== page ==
On the morning of January 17 (8 AM GMT), a Nigerian military jet bombed a refugee camp in the northeastern part of the country. According to reports, the jet mistakenly believed that the camp was a stronghold of Boko Haram. On Tuesday, Doctors Without Borders (MSF) claimed the attack killed at least 50 and wounded another 120. The New York Times reports which, as of Saturday the 21st, the death toll has risen to at least 90, including a number of aid workers. “They were part of a team that had brought in desperately needed food for over 25,000 displaced persons,” spokesman Jason Straziuso said of the Red Cross. Doctors Without Borders and the International Committee for the Red Cross have since condemned the attack.” This large-scale attack on vulnerable people who have already fled from extreme violence is shocking and unacceptable,” said Dr. Jean-Clément Cabrol, the aid group’s director of operations. “The safety of civilians must be respected. We are urgently calling on all parties to ensure the facilitation of medical evacuations by air or road for survivors who are in need of emergency care.”
In an unprecedented act, the Nigerian government has acknowledged the mistake, with the President calling it a ‘regrettable operational mistake.’ This is not the first report of civilian casualties in the Nigerian strikes against Boko Haram, but it is the first acknowledged by the government. Aid groups question how such a mistake could be made, and continue to criticize the use of wide-spread violent bombing as a counterinsurgency measure. History tells us that violence only begets more violence. The camp was government run and next door to a large Nigerian army base. Human Right’s Watch, citing satellite imagery, assert that the government should have been well aware of the presence of civilians in the area. Furthermore, they claim the attack may be a violation of international humanitarian law—while the attack on civilians was not deliberate, it was indiscriminate. The attack raises a number of questions. As the security analyst, Manji Cheto, points out, “The timing is rather unfortunate as well because this is coming on the back of the government actually facing a lot of criticism for doing too little for the internally displaced camps.” Maj Gen Lucky Irabor, a commander of the Nigerian military’s counterinsurgency operations in northeast Nigeria, told the Associated Press he had ordered the mission based on information that Boko Haram insurgents were gathering, along with geographic coordinates. He later admitted the attack was ‘disturbing.’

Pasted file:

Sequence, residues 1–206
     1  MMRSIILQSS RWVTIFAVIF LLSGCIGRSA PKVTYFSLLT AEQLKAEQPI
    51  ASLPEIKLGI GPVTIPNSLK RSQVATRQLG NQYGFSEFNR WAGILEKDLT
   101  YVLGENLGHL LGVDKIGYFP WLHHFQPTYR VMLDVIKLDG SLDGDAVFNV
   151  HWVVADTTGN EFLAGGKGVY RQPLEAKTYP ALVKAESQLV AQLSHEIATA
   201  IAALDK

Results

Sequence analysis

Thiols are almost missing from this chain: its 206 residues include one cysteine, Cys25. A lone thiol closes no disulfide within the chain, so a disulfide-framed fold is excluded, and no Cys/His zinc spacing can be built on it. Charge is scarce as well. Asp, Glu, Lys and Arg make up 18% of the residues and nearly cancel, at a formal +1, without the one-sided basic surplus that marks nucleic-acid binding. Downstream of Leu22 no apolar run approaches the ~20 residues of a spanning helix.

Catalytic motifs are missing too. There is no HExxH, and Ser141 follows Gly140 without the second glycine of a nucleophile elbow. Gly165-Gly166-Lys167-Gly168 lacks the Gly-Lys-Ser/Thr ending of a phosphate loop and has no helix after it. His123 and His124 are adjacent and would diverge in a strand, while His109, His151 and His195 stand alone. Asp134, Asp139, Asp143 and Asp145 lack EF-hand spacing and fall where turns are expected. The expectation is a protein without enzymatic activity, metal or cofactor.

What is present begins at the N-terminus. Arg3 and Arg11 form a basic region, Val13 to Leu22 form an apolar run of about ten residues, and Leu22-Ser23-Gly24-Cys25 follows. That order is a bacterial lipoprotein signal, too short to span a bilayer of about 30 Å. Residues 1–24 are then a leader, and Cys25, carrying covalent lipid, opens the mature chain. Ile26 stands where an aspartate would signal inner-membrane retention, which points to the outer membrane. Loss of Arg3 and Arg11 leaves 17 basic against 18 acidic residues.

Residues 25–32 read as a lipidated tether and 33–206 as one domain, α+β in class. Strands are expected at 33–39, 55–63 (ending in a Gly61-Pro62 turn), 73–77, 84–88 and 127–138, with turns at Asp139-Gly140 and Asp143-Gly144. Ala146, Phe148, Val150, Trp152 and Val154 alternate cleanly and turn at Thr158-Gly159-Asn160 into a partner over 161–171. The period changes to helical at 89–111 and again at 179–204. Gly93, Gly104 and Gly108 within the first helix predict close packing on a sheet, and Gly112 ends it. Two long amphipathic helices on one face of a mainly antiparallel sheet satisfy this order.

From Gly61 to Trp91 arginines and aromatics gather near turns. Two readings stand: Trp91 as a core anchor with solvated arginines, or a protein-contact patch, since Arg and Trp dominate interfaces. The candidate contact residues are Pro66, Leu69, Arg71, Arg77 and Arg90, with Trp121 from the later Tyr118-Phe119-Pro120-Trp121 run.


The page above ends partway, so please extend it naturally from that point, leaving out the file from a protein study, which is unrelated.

Either the attack was the result of monumental intelligence failures on the part of the Nigerian government or an intentional act. Either explanation highlights the problem with violent airstrike campaigns as counterinsurgency tactics. Boko Haram is certainly a problem in Nigeria: the conflict has uprooted over 2,000,000 people; this week two suicide bombing occurred, despite statements from the government insisting the group had been defeated. The act speaks to the dangers of using intelligence reports to plan and command actions without verification and the proper scouting of locations. Civilians cannot be considered collateral damage in the fight against insurgency—if the government won’t protect them, who will? Violent counterinsurgency actions inevitably result in the escalation of violence and a rising death toll. There has been no case in history where counterinsurgency or counterterrorism has succeeded through government endorsed violence. It is the innocent who pay the deplorable price.